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Jacobin Series Launch, with Melissa Gira Grant, Benjamin Kunkel, and Micah Uetricht
Mar 12, 2014 @ 7:00 pm - 9:00 pm| Free
Co-edited by Jacobin magazine, this series highlights engaged young activists and thinkers with timely polemics on current events and issues. Bhaskar Sunkara of Jacobin will moderate a discussion with Gira Grant, Kunkel, and Uetricht.
About Playing the Whore:
The sex industry is an endless source of prurient drama for the mainstream media. Recent years have seen the proliferation of stories focused on the intersection between the internet and sex work and breathless reports on the supposed increase in human trafficking. The panic over “online red-light districts,” which are said to seduce vulnerable young women into a life of degradation, New York Times columnist Nicholas Kristof’s live tweeting of a Cambodian brothel raid, and the work of “video vigilantes” like JohnTV typify the fearful, salacious stories about sex work told by news organizations and the high-profile NGOs that see themselves as the saviors of helpless young women.
Rarely do such stories come from sex workers themselves, and rarely do they deviate from the position that sex workers must be rescued from their condition, and the industry simply abolished—a position common among feminists and conservatives alike.
In Playing the Whore, journalist Melissa Gira Grant turns these pieties on their head, arguing for an overhaul in the way we think about sex work. Based on ten years of writing and reporting on the sex trade, and grounded in her experience as an organizer, advocate, and former sex worker, Playing the Whore dismantles pervasive myths about sex work, criticizes both conditions within the sex industry and its criminalization, and argues that separating sex work from the “legitimate” economy only harms those who perform sexual labor.
Sex workers’ demands, too long relegated to the margins, take center stage in Playing the Whore. Demonstrating how distorted the popular conception of sex work has become, and the scant attention our society pays to the concerns of those who make their livelihood from it, the book affirms that sex work is work, and sex workers’ rights are human rights.
About Utopia or Bust:
After the financial crash and the great recession, the media rediscovered Karl Marx, socialist theory, and the very idea that capitalism might be fallible.
In spite of the publicity, the main paths of contemporary critical thought have gone unexplored outside of the academy. Benjamin Kunkel’s Utopia or Bust leads readers — whether politically committed or simply curious — through the most important critical ideas today.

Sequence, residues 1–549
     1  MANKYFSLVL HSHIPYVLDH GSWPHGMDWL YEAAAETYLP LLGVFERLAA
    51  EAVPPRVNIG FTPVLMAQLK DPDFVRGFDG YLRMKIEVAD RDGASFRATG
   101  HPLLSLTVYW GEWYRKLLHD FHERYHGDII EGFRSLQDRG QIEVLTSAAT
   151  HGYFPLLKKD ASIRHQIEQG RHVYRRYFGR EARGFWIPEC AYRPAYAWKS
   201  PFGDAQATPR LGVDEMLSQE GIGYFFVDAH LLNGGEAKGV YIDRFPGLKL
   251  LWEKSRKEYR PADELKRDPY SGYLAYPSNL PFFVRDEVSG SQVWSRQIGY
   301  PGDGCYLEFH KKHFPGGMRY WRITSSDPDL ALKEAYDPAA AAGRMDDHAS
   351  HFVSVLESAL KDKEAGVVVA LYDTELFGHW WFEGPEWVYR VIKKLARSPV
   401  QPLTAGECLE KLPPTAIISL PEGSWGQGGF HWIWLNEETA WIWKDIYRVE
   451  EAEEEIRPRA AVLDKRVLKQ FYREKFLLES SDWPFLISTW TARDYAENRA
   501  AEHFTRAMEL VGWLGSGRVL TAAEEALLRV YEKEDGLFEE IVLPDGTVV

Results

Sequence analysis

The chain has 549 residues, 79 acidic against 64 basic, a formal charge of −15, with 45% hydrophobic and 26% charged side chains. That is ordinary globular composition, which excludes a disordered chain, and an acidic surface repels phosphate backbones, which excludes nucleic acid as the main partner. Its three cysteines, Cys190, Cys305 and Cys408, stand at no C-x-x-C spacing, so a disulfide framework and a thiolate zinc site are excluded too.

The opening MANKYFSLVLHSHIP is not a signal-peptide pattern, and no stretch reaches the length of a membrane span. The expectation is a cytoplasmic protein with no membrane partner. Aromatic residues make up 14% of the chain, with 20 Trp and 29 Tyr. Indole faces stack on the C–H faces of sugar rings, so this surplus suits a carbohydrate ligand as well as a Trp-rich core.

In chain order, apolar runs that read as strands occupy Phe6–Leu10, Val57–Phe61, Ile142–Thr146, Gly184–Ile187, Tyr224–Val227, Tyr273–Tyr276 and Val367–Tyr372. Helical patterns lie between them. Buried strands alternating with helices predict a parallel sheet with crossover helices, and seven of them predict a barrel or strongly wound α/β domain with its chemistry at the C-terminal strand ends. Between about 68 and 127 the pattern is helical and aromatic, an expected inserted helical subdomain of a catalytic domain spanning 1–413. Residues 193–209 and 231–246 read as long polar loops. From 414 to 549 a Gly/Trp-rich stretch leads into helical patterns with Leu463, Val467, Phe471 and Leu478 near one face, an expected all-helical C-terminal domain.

Written with the wit and verve of Kunkel’s best-selling novel, Indecision, this accessible introduction to contemporary Leftist thinkers engages with the most prominent and exciting political thought today: from the revolutionary philosophy of Slavoj Žižek and the economic analyses of David Graeber, David Harvey, and Robert Brenner, to the cultural diagnoses of Frederic Jameson and Boris Groys.
“Theory,” writes Kunkel, “and writing about theorists, brings no victories by itself… Still, for at least a generation now, not only the broad public but many radicals themselves have felt uncertain that the left possessed a basic analysis of contemporary capitalism, let alone a program for its replacement.”
This book shows that this feeling has been misplaced. Discussing the ongoing crisis of capitalism in light of the ideas of full employment, debt forgiveness, and “fictitious capital,” Utopia or Bust is a tour through the world of contemporary Marxist thought that shows the groundwork has been laid for a post-capitalist future.
About Strike for America:
The 2012 Chicago Teachers Union strike was the most important domestic labor struggle in decades, and the strongest challenge to the bipartisan, free market education reform agenda that fosters education inequality using teachers as a scapegoat. In an age of austerity, when public education and the public sector generally are under attack, Chicago teachers fought back—and won.
Far from being spontaneous, the strike was years in the making. Standing up against a hostile Democratic mayor, billionaire- backed reformers out to destroy unions, and even their own intransigent union leadership, Chicago teachers had been building a grassroots movement that engaged and educated the entire union membership, and was unafraid to take militant action.
Written by Micah Uetricht, a progressive journalist and former labor organizer who was on the scene for the entire strike, Strike for America is a blow-by-blow account of how CORE, a rank-and-file caucus of the CTU, lead this movement, elected Karen Lewis as the union’s president, and launched a successful strike against neoliberal reform. Working closely with parents and community members, CORE developed an agenda that went beyond the usual compensation negotiations in order to establish a broad coalition opposed to the market-driven education policies backed by the previous union leadership.
More than local heroes, Chicago teachers have created a model for true school reform, shaped by the the community rather than the private sector. The movement is an inspiration for workers looking to create democratic unions that fight for the issues that matter to their members, and for anyone committed to resisting austerity measures.
Strike for America tells the story of how this movement came together in Chicago, and how its success will inform the defining struggles for workers today.